IELTS 2020 SCORE

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    IELTS Score

    Karishma Khatri Karishma Khatri
    Exams Prep Master

    International English Language Testing System (IELTS) is a test that is taken by candidates aspiring to pursue their education and career in an English-speaking country.  It is also taken by those who wish to migrate to such a nation and settle there permanently. The IELTSexam is jointly conducted by University of Cambridge ESOL, the British Council and IDP.

    The IELTS exam is a reputed way to assess the test taker’s English language skills in four specific areas – Listening, Writing, Reading and Speaking. The overall duration of the entire test may span around 3 hours. There are sectional time limits for the various components. IELTS is different from other exams in the sense that it is a task-based test where the applicant must complete several tasks of diverse nature while appearing for the exam.

    IETLS results are provided after the candidate’s answers have been evaluated. They are in the form of a 9 band scale, where the test taker’s score can be anything from 1 to 9. Different points on the scale denote different levels of the candidate’s English language abilities. The British Council IELTS results are fairly easy to understand and have gained a reputed seating all over the world.

    IELTS Score 9-band scale

    There are four sections in the IELTS test paper, namely Listening, Reading, Writing and Speaking. The IELTS score is provided for each of these four sections and then the individual scores get averaged and rounded to arrive at the final band score.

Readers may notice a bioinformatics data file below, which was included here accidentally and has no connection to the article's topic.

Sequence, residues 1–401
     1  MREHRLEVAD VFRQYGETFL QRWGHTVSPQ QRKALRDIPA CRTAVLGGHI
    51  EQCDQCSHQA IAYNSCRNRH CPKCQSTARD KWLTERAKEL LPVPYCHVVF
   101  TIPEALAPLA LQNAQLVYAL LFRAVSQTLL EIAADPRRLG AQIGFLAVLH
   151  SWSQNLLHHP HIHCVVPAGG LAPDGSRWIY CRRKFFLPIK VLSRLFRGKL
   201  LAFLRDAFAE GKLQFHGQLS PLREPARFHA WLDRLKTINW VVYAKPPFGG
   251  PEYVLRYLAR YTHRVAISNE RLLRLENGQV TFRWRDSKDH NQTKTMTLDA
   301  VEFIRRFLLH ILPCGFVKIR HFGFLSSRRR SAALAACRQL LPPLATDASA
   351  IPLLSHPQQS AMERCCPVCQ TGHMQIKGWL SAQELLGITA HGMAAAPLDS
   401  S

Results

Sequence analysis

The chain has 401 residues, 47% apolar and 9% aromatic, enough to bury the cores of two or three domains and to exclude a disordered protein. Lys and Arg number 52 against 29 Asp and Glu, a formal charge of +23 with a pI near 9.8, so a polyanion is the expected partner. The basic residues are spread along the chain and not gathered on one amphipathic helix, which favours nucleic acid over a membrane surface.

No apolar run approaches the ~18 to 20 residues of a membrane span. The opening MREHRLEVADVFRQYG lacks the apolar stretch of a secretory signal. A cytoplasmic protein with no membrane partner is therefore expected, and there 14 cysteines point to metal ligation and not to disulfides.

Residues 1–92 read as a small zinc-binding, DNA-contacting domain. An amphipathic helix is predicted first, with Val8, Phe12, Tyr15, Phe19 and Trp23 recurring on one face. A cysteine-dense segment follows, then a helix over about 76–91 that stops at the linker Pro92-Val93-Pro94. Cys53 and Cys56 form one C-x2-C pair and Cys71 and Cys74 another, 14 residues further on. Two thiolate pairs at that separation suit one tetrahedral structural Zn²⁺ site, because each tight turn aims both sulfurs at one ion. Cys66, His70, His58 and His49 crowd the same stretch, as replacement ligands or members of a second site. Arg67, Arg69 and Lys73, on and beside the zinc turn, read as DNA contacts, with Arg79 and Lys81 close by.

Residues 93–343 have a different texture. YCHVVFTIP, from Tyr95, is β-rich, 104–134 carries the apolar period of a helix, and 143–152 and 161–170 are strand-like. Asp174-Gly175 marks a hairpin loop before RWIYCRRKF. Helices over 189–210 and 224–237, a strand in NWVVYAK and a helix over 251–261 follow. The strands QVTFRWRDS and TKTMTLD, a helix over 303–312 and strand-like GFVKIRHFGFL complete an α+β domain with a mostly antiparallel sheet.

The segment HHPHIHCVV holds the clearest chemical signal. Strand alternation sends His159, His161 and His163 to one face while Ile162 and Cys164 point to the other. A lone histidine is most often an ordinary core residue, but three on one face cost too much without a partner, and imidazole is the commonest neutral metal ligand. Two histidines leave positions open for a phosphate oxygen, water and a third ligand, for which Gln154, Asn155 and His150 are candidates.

It must be kept in mind that the IELTS score is usually valid for a period of 2 years. However, the duration of validity may vary according to different organisations. The meaning of the 9-band scale and what each point stands for is explained below:

    Band ScoreCategoryExplanation
    9Expert userThis denotes that the candidate has complete understanding of English and uses it fluently and correctly.
    8Very good userThis indicates that the test taker understands the language and handles complex and detailed argumentation well. Occasionally, there may be some inaccuracies in usage, due to unfamiliar situations.
    7Good userThis tells us that the candidate uses the language well but under certain situations, there may be mistakes and he may showcase inappropriate usage.
    6Competent user This score shows that the usage of English by the candidate is effective, especially in familiar situations. There may be some inaccurate application of the language along with unsuitable practice.
    5Modest userThis indicates that the test taker is able to handle communication using the language in familiar circumstances, but otherwise, they only have partial command over it. They are liable to make ample mistakes.
    4Limited userThis denotes that the candidate is not able to understand complex language and can only manage basic usage under very familiar situations.
    3Extremely limited userThis score shows that the test taker’s knowledge of the language is rudimentary and even under basic circumstances, they are able to convey only the general meaning.
    2Intermittent userThis score tells us that the candidate faces immense difficulty in understanding spoken and written English.
    1Non-userThis score denotes that the test taker’s knowledge of the language is limited to some random isolated words.